Yeah, I mean, I, I’m gonna be honest with you, I didn’t really realize what I was doing until it was done. I feel like I’ve been trying to explain this to people about, at least for me, when I’m in a room, writing a song with someone, it doesn’t really cross my mind that this song is going to be released or could be released. Or that’s not really what I’m thinking about. I’m just thinking about let’s write a good song. Like, that’s right. Like, what are we feeling? And I feel like, you know, all most of the songs on this record were written the last year like, what the year I was 29, the year that like all these things went down in my life that I got engaged and then we broke up and all these things and I realized that a lot of these writing sessions with these women were like, my safe place away from a lot of the drama going on in my life, and well especially the So Anna Schultz says she, she, she made a bulk of the song, she did four songs with me. And we would talk for like three and a half hours, and then start writing a song. And yeah, and I really feel like I kind of was using her as a therapist a little bit. But we got so deep into how we were feeling. And we connected on so many levels. That once we got to the stage of writing the song, it was so hyper personal. I mean, she helped me, right, sweetheart, and not a monster hold that spirit and garden, which I think are so personal, especially not a monster, talking about disordered eating something that Anna and I both experienced. And so I feel like getting so personal on this record, was really just the outcome of working with people like Anna like milk and ag and Belinda Huang and Hayley McLean, because I felt so comfortable with them. I consider all of them like very, very close friends. And so it was so easy to be so so raw and vulnerable with them and just write from that place. And then when we went through and picked all of the best songs for the record, it ended up being a lot of the more vulnerable songs. And then the oldest things happen in my life. And all of these things I was writing about kind of came true, like the things that I was struggling with came to fruition. And then it was time to package the record together. And then I listened to it down before I released it. And I was like, Oh, my gosh, this is really heavy, and really personal, and really uplifting and many parts, but also really triggering and intense. And I almost didn’t realize I was doing that until it was all packaged and done. And here’s the songs because when you’re in it, and when it’s your story, it almost doesn’t feel that deeper, intense because you experienced it. So it just feels like an everyday thing. And so I’ve really come to realize that in interviews and realizing Whoa, like, this is some intense stuff. And there have been a couple interviews earlier on. Before the album was out. Now that the album is out. I feel like all that. All that pain, all that intensity has been like released into the sky, and it’s out of my body. And I feel so good about it. But the interviews before the album came out where I was doing interviews for the album for when it had come out to like, these are interviews, we were pre recording or whatever. Those were really hard for me, right, those felt intense. And I felt like should an artist be this honest? Should we keep more to ourselves? Am I making a mistake by talking too much about my life? And all these things, all of which have come to the conclusion? No, I’m proud of everything I’ve put out. But I think yeah, those first interviews were definitely hard.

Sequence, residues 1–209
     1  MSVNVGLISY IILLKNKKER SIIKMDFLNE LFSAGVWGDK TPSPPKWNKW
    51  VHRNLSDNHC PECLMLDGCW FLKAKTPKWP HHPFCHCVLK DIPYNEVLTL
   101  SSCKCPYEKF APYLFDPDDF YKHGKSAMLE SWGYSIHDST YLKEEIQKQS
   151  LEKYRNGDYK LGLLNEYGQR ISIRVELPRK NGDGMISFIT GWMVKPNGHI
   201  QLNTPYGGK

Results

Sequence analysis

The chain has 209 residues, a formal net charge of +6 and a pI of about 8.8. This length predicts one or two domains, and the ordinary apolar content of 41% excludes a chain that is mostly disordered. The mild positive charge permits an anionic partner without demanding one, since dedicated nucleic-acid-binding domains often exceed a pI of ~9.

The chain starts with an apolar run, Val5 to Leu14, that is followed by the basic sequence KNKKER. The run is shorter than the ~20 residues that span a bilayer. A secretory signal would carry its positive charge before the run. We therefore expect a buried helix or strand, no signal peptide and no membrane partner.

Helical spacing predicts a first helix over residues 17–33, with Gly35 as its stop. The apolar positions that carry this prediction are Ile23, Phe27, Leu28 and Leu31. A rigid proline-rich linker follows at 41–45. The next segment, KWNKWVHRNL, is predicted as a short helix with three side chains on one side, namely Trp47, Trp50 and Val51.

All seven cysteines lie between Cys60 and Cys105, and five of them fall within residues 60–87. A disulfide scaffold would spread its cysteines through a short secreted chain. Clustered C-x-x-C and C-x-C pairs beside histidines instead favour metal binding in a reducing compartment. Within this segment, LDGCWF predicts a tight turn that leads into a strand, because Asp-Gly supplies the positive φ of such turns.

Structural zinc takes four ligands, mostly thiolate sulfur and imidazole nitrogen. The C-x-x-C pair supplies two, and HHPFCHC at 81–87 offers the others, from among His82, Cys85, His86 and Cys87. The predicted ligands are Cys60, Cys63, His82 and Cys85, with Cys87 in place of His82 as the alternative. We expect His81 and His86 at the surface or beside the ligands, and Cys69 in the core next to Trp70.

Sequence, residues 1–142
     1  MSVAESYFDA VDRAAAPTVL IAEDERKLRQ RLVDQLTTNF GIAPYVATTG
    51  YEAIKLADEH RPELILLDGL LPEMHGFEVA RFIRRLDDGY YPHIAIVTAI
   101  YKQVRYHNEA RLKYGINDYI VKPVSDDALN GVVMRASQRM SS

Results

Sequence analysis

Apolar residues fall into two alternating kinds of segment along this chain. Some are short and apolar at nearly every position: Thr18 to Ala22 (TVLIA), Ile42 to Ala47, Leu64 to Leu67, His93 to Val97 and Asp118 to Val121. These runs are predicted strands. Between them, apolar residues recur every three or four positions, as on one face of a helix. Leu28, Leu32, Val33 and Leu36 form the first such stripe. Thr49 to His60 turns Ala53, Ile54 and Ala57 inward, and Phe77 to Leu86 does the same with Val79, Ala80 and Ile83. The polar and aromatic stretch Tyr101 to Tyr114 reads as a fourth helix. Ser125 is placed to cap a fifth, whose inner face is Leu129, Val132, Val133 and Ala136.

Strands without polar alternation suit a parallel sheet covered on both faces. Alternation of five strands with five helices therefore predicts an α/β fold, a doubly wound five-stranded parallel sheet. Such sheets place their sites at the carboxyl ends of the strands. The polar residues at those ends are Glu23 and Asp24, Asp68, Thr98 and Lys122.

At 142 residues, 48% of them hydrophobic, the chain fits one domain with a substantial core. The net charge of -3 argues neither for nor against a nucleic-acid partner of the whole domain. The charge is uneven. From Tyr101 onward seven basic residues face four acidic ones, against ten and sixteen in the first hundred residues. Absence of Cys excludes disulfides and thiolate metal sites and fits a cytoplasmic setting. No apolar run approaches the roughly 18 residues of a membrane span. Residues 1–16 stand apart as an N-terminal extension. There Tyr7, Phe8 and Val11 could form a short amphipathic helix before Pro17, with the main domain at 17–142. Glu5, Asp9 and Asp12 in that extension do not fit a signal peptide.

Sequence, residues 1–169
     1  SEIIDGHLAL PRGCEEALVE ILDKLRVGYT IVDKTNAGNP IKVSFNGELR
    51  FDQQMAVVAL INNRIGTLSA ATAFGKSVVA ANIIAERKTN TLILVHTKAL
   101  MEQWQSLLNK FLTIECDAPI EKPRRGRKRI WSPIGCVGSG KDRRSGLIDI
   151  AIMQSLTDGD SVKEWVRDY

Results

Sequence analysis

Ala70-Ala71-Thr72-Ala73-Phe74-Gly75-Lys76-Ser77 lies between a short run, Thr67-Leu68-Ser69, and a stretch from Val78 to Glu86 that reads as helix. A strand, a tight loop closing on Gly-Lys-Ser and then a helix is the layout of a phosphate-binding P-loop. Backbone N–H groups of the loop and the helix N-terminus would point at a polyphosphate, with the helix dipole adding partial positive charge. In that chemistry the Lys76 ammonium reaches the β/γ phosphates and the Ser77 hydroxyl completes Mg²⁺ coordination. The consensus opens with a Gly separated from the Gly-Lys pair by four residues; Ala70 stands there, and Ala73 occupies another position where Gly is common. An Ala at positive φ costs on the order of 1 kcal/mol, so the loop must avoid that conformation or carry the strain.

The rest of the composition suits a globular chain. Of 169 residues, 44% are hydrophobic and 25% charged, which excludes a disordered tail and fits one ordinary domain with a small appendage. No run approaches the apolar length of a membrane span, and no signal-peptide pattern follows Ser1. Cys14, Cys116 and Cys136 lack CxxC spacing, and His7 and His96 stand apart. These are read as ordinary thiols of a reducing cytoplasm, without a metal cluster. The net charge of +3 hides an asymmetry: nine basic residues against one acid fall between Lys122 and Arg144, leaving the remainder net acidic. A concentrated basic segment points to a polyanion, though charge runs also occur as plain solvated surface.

Ari Herstand